Look! It’s a virus! No, it’s a worm. No, it’s a trojan.
Early this week, reports started appearing about the emergence of a Mac OS X worm/trojan/virus. Nobody at that time realy knew what to call it. They just had a name for it: Oompa Loompa or Leap-A.
However, Sophos would really like to call it as the “first Mac OS X virus.” Symantec refers to it as OSX/Leap, calls it as a worm, which according to Sophos worms are “a sub category of the group of malware known as viruses.” So, Symantec is also calling Oompa Loompa as a virus. Ambrosia sofware and Intego call it as a trojan horse, not a virus. So who’s right?
Sophos and Symantec are wrong according to a statement issued by Apple, that in part read: “Leap-A is not a virus, it is malicious software that requires a user to download the application and execute the resulting file.”
What can Leap-A aka Oompa-loompa aka OSX/Leap do or can’t do? It can’t self-propagate. Which means a user with administrative privilages has to click on the package the trojan came in. The package is named as latestpics.tgz and the compressed archive is supposed to contain screenshot pictures of the next OS X. When uncompressed, a file masquadering a JPEG file is seen and when double-clicked, the trojan then jumps into action. The trojan horse does two things: first, it sends copies of itself using your iChat’s buddy list and second, it infects Cocoa applications. Macworld has a FAQ, which details what Leap-A is and what measures you can take to rid of it and protect yourself in the future. There’s a follow-up article where they infected two computers with the trojan and observed what it did to both systems. ZDNet tells Mac users that getting infected by a real virus is only a matter of time.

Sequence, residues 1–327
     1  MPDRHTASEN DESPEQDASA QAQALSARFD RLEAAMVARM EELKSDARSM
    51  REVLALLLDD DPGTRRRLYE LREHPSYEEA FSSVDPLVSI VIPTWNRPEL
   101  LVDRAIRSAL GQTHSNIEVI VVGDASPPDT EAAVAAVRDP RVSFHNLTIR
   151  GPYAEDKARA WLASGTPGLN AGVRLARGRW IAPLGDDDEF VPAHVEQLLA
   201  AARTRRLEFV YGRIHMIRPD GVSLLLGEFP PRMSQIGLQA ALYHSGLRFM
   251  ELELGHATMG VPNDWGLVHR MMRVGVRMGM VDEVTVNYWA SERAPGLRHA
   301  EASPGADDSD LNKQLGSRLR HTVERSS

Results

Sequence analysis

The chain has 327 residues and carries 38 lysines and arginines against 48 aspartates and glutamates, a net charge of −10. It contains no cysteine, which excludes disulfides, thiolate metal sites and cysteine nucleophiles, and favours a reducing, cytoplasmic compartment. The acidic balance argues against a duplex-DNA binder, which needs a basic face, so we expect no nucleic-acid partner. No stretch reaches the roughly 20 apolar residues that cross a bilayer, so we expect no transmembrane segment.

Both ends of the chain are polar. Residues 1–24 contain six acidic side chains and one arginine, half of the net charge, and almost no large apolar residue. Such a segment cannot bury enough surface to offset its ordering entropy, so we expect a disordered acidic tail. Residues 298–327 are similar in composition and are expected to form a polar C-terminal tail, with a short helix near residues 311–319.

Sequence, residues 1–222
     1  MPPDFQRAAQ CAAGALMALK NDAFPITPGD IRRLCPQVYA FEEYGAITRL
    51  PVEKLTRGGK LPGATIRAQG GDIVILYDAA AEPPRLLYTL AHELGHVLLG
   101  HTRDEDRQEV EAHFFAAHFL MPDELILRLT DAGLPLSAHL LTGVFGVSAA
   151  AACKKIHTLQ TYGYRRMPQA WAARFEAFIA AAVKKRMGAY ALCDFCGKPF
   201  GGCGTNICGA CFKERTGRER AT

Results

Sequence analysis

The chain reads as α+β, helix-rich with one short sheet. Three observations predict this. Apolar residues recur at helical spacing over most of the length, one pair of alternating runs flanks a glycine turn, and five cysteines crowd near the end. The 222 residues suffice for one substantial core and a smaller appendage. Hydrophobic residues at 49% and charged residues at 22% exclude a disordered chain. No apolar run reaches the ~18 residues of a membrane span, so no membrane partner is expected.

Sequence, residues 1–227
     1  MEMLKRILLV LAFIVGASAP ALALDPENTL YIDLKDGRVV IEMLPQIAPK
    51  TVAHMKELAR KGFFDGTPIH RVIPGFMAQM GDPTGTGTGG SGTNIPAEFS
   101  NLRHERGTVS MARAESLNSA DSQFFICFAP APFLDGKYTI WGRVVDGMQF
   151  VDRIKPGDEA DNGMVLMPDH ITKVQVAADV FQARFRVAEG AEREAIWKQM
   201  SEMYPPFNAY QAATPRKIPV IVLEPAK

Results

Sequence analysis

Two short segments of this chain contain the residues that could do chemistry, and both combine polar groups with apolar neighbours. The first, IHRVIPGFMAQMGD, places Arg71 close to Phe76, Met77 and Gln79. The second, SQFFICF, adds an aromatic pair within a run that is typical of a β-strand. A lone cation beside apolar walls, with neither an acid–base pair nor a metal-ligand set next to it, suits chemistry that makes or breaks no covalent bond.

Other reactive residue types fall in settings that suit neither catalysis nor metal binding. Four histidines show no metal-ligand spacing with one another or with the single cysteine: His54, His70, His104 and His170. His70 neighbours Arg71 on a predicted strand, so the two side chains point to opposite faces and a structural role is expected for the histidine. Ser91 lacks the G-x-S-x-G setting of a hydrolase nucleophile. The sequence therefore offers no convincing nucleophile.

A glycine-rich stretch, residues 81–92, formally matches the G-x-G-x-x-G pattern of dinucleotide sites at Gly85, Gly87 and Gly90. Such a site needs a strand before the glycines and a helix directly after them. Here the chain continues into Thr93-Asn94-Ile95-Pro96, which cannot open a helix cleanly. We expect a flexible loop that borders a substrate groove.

A second OS X malware emerged this week but according to Macworld the risk is low. Inqtana.A is a “Java-based “proof of concept” worm” which can propagate thru bluetooth. However, Apple has long since patched up the hole the worm could potentially pass through. If you’re Mac OS X is updated then there’s nothing to worry about.
Oompa-loompa and Inqtana.A are “proof of concept” malwares, which means that somebody out there is working on a working virus for the Mac that someday may start running wild and infect Macs.
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